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Will the new Archbishop’s evangelical fervour aid destruction of the welfare state?

Posted: Wed, 06 Feb 2013 15:38 by Terry Sanderson

Will the new Archbishop’s evangelical fervour aid destruction of the welfare state?

By Terry Sanderson

Justin Welby, the new Archbishop of Canterbury is a self-confessed "evangelical". We can, therefore, of course, expect a lot more evangelising from him than from his predecessor, who seemed more interested in abstruse theological meandering than engaging with the real world.

Dr Welby is searching for a role for his Church in the face of its increasing irrelevance. He doesn't just want to manage its decline, he wants to revive it.

He thinks that "faith-based welfare" is the answer. In a speech to an evangelical audience in Nottingham in January when he was still the Bishop of Durham, Dr Welby said the Church faced its "greatest moment of opportunity since the Second World War". He said Christians shouldn't be afraid to talk openly about their faith and "grasp the opportunity" presented by an expanding social role, through running schools and initiatives such as food banks, to spread the Christian message.

He told congregants at the Trent Vineyard church that while the economic downturn had a devastating effect, it could also open the way for social change.

"In 2008 we had the most significant financial collapse in this country, in terms of the banking system, since the mid-19th century. One of the reasons the recession has been so deep and may be going into a triple dip is because there has been such a loss of confidence.

"But the side effect of that has been that the state has run out of the capacity to do the things it had taken over since 1945. All the idols on which our society was based have fallen, they have been toppled. They have been toppled by the financial crisis, by scandal. Trust has broken down."

He said the "idols" included materialism and the belief in the economy's capacity to continue growing, adding: "And the state as security can no longer provide what it [could].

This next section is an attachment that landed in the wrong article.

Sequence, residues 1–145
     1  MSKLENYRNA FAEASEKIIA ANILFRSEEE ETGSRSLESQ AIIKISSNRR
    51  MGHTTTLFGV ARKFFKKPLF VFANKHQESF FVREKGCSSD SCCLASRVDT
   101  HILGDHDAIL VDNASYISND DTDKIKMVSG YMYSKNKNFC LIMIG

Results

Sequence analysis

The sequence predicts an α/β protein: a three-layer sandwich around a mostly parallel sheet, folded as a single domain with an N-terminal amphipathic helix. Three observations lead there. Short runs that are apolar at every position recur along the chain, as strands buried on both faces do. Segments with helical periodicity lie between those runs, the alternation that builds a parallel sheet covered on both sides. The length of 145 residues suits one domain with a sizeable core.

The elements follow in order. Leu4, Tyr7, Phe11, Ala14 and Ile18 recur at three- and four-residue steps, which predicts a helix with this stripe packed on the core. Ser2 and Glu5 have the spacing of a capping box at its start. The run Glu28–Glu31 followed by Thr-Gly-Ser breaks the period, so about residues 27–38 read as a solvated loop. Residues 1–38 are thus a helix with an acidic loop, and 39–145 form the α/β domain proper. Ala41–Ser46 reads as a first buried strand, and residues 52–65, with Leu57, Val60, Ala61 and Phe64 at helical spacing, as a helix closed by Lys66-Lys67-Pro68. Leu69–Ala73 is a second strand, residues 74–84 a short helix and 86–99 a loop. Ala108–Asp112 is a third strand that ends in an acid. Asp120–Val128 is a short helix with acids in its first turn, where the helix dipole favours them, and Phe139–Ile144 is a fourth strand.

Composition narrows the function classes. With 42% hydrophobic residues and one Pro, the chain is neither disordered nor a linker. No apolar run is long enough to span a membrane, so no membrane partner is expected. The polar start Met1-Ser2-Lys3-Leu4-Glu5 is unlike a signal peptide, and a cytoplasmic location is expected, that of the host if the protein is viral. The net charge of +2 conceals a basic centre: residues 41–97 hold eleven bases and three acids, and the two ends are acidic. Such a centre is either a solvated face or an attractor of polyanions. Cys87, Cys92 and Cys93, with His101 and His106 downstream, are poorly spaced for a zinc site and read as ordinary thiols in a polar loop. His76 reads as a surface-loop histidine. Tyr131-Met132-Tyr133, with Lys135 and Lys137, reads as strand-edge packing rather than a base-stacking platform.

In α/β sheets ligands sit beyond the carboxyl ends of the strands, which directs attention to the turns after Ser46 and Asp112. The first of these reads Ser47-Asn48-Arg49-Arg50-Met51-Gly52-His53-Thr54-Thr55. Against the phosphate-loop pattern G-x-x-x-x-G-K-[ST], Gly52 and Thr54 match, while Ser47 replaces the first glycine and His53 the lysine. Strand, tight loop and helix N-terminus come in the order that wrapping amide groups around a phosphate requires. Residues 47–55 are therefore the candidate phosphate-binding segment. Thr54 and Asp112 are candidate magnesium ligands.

"I grew up in a country in which the idea of a food bank was something you had in theUnited States of America, we didn't have any. There are 50... in my diocese alone today. These are things that we never imagined because if you ran out of money the state cared for you."

He suggested that the state could no longer "replace" the Church in carrying out "works of mercy".

"We are educating, in my diocese, 50,000 children. In the country as a whole the Church of England alone educates a million children every day," he said.

"Are we going to take the opportunities that are there for the grasping to bring people to know and love Jesus Christ?"

And to back up the Archbishop's words, the Church Urban Fund has produced a report saying how much social input the church is providing.

About 54% of Church of England parishes run at least one organised activity to address a specific social need in their area, and many organise several. Activities range from parent and toddler clubs to highly specialised debt or stress counselling, community cafés and food, clothes or furniture banks.

More than one in 10 said they run street "patrols" providing blankets and food to homeless people or simply helping drunk people get home safely.

Paul Hackwood, chair of trustees, said: "All over the country, churches are working to transform their communities, providing food banks, drop in centres and youth projects. The recession has led to unemployment and benefit cuts, which are having a really negative effect on people's lives. "It has often left to communities themselves to come together and fill the gap."

It is laudable that the Churchess are doing their bit to help people survive this downturn in the nation's economic fortunes.

But Britain is still one of the richest nations in the world and there is no excuse to withdraw basic state welfare services.

Archbishop Welby's comments smack of unpleasant opportunism. Instead of seeking to make people dependent on the whims and vagaries of charity and volunteerism, he should be using his political clout to press for the retention of state-run welfare services. Instead, in his determination to "bring people to Jesus" he is colluding in the destruction of those services.

Tags: Big Society, Public Services